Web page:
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  • Prp8 impacts cryptic but not alternative splicing frequency PROCEEDINGS OF THE NATIONAL ACADEMY OF SCIENCES OF THE UNITED STATES OF AMERICA Mayerle, M., Yitiz, S., Soulette, C., Rogel, L. E., Ramirez, A., Ragle, J., Katzman, S., Guthrie, C., Zahler, A. M. 2019; 116 (6): 2193?99

    Abstract

    Pre-mRNA splicing must occur with extremely high fidelity. Spliceosomes assemble onto pre-mRNA guided by specific sequences (5' splice site, 3' splice site, and branchpoint). When splice sites are mutated, as in many hereditary diseases, the spliceosome can aberrantly select nearby pseudo- or "cryptic" splice sites, often resulting in nonfunctional protein. How the spliceosome distinguishes authentic splice sites from cryptic splice sites is poorly understood. We performed a Caenorhabditis elegans genetic screen to find cellular factors that affect the frequency with which the spliceosome uses cryptic splice sites and identified two alleles in core spliceosome component Prp8 that alter cryptic splicing frequency. Subsequent complementary genetic and structural analyses in yeast implicate these alleles in the stability of the spliceosome's catalytic core. However, despite a clear effect on cryptic splicing, high-throughput mRNA sequencing of these prp-8 mutant C. elegans reveals that overall alternative splicing patterns are relatively unchanged. Our data suggest the spliceosome evolved intrinsic mechanisms to reduce the occurrence of cryptic splicing and that these mechanisms are distinct from those that impact alternative splicing.

    View details for DOI 10.1073/pnas.1819020116

    View details for Web of Science ID 000457731900061

    View details for PubMedID 30674666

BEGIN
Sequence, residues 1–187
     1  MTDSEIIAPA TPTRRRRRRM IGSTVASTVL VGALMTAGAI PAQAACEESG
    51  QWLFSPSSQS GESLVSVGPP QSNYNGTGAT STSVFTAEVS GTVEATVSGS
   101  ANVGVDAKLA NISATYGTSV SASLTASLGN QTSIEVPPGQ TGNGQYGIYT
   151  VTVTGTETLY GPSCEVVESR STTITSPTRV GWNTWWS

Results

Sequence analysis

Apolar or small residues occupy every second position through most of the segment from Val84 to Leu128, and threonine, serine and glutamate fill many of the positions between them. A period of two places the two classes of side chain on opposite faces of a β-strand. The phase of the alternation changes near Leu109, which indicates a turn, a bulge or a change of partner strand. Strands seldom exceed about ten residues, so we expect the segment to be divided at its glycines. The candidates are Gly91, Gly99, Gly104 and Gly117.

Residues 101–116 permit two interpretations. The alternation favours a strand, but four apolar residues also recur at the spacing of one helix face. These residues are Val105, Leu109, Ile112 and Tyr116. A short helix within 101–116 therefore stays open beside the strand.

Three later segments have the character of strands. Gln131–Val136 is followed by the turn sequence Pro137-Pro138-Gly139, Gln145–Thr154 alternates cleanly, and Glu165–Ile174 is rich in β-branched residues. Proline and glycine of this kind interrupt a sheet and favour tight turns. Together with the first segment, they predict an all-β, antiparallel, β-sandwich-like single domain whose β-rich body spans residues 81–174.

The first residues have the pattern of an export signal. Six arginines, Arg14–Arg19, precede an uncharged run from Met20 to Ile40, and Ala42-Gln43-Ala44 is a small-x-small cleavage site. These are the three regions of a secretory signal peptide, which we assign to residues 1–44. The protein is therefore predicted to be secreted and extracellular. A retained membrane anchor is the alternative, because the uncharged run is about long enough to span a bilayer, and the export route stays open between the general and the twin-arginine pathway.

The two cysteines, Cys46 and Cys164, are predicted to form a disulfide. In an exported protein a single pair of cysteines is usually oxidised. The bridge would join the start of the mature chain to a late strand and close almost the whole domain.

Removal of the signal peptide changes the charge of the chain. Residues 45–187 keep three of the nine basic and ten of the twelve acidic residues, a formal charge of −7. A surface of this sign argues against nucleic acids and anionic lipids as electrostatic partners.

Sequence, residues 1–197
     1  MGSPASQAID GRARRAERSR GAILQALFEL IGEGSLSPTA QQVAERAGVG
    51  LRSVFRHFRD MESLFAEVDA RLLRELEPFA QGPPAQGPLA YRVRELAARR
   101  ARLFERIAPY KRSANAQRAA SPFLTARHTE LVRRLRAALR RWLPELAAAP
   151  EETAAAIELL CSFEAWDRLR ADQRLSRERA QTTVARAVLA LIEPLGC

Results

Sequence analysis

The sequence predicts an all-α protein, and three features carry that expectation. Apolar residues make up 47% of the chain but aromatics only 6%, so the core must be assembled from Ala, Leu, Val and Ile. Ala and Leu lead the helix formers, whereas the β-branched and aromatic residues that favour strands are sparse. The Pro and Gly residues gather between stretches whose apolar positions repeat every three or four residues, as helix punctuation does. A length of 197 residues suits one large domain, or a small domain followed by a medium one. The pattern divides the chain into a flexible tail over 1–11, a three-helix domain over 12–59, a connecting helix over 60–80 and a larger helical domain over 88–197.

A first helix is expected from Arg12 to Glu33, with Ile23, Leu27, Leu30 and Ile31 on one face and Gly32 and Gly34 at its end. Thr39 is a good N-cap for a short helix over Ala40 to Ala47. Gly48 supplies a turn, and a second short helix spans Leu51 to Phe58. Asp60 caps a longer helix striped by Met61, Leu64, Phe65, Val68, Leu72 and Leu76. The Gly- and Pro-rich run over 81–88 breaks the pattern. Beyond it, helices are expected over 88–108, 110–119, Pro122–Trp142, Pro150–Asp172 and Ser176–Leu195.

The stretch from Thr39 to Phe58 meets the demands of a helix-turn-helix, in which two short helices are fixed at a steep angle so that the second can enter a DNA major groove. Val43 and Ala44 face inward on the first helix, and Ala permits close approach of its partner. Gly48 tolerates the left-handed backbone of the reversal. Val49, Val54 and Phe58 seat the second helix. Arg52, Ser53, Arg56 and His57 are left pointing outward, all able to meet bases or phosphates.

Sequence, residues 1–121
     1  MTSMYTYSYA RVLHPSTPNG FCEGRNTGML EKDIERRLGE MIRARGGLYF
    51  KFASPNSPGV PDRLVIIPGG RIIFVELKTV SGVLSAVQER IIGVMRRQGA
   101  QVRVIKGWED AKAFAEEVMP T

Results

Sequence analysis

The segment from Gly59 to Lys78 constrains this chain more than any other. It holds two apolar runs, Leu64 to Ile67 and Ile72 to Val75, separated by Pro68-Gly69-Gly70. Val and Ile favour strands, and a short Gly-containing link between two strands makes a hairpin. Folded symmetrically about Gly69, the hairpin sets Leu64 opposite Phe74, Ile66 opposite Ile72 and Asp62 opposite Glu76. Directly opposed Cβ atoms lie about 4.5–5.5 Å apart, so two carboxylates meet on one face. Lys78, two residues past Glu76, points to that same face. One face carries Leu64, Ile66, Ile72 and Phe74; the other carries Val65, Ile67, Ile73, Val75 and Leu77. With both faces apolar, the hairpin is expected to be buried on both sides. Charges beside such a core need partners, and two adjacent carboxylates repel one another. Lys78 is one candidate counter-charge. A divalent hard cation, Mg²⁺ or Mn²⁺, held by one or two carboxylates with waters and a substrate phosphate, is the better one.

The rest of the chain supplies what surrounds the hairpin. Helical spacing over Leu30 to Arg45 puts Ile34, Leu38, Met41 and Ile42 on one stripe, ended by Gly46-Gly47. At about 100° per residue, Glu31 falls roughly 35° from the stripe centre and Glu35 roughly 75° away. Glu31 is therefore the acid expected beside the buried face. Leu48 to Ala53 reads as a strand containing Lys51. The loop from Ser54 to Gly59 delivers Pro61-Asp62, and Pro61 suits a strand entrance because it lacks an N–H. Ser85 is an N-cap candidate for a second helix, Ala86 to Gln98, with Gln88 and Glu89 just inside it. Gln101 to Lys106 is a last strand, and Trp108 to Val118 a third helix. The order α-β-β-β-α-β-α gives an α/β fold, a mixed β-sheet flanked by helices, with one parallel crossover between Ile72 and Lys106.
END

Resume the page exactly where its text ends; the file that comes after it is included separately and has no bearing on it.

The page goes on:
• Stanford Cardiovascular Institute. Circulation research Wu, J. C., Woo, Y. J., Mayerle, M., Harrington, R. A., Quertermous, T. 2019; 124 (10): 1420?24

    View details for PubMedID 31070998

  • Prp8 positioning of U5 snRNA is linked to 5' splice site recognition. RNA (New York, N.Y.) MacRae, A. J., Mayerle, M., Hrabeta-Robinson, E., Chalkley, R. J., Guthrie, C., Burlingame, A. L., Jurica, M. S. 2018; 24 (6): 769?77

    Abstract

    Prp8 is an essential protein that regulates spliceosome assembly and conformation during pre-mRNA splicing. Recent cryo-EM structures of the spliceosome model Prp8 as a scaffold for the spliceosome's catalytic U snRNA components. Using a new amino acid probing strategy, we identified a dynamic region in human Prp8 that is positioned to stabilize the pre-mRNA in the spliceosome active site through interactions with U5 snRNA. Mutagenesis of the identified Prp8 residues in yeast indicates a role in 5' splice site recognition. Genetic interactions with spliceosome proteins Isy1, which buttresses the intron branch point, and Snu114, a regulatory GTPase that directly contacts Prp8, further corroborate a role for the same Prp8 residues in substrate positioning and activation. Together the data suggest that adjustments in interactions between Prp8 and U5 snRNA help establish proper positioning of the pre-mRNA into the active site to enhance 5' splice site fidelity.